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Club root is a major problem that affects brassicas and unfortunately many plots on our site suffer from it. It is usually an inherited problem, possibly due to the cultivation techniques of previous tenants over the years. The bad news is that it is a slime mould that can survive as resting spores in the soil for up to 20 years. So if you have it, chances are you will never be rid of it because there are no chemicals to control it.
The 3 main contributors to club root are:
Brassicas are lime lovers and need a very limey soil with a pH of at least 7.5. So spread plenty of lime on your brassica patch. Chances are that you will not raise the pH in one growing season, but it can be achieved over several seasons. Digging in manure or garden compost will also help.
Do rotate your crops every season. It helps to reduce the risk of spreading soil borne pests and diseases around the allotment site.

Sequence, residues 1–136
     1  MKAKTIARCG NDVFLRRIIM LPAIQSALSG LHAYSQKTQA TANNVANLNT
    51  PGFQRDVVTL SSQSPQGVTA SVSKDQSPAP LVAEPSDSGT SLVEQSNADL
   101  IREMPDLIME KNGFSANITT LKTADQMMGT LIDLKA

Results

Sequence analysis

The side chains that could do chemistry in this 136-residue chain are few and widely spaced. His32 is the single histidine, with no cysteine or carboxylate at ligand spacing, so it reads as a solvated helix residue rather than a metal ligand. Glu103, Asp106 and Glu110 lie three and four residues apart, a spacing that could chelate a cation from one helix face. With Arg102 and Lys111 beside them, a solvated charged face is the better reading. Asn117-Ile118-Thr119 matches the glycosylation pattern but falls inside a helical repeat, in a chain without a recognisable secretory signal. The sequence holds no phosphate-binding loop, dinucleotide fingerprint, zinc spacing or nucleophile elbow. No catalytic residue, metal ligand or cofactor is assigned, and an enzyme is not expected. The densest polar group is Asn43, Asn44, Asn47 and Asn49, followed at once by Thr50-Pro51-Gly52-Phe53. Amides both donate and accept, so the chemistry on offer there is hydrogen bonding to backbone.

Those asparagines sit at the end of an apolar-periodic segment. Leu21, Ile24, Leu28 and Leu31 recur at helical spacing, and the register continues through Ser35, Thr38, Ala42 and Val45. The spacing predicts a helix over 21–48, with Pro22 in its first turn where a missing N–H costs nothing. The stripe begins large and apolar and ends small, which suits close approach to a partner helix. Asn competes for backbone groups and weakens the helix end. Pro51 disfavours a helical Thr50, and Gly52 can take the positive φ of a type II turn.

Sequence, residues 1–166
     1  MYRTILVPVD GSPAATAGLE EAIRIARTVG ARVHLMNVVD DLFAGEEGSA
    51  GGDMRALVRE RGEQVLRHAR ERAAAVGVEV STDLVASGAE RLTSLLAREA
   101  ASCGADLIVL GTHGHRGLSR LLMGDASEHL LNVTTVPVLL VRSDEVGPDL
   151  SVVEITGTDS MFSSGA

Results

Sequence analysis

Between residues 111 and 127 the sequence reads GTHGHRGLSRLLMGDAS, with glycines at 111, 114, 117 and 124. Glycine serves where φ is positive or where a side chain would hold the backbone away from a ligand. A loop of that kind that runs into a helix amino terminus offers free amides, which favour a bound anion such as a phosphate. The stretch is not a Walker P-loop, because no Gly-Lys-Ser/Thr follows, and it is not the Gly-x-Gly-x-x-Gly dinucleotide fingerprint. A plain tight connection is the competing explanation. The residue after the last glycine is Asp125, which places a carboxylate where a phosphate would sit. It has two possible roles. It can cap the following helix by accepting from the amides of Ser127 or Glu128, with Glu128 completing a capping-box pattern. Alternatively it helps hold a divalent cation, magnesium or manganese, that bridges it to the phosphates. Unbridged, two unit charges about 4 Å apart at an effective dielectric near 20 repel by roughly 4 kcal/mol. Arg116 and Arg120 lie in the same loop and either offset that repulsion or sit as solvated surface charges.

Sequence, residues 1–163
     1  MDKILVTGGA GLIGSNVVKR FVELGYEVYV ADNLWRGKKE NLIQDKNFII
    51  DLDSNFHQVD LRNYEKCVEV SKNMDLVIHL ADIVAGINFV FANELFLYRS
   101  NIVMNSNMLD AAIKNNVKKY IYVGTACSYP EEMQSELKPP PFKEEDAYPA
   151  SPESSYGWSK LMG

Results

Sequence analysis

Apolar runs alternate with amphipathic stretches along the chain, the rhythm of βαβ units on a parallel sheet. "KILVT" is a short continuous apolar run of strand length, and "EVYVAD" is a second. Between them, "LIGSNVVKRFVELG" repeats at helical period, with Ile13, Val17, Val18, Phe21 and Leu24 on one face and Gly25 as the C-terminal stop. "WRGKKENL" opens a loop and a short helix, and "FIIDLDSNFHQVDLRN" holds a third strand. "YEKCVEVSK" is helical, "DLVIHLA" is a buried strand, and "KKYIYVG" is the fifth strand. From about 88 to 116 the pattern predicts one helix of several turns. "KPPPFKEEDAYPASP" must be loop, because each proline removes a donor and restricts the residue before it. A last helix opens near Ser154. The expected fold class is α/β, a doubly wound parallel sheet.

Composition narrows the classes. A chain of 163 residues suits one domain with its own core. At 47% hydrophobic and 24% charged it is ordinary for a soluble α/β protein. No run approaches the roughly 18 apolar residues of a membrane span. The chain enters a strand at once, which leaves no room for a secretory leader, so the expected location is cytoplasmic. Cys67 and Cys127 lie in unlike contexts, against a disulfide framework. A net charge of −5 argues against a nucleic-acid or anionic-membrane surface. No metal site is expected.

Make sure your soil is well drained. You could do this by earthing up the soil to allow water to drain. You could also consider making a clean start by using raised beds filled with fresh, clean soil.
Don’t accept gifts of brassicas that may already be infected with club root. Even a small amount of soil falling onto your plot from the roots can infect your soil. Club root can also be spread from soil on your boots, which is a good reason for not walking onto your neighbour’s soil and not allowing them to walk onto yours. Be courteous and stick to the paths.
The last bit of good advice is to buy seeds that are club root resistant as these produce good brassicas even on infected soils. You may find that the roots will still be distorted but the plants are definitely good to eat. Good examples are:
Sprouts – Crispus F1
Cauliflower – Clapton
Cabbage – Kilaxy or Kilaton
Plot holders cogitate and ruminate about allotment life.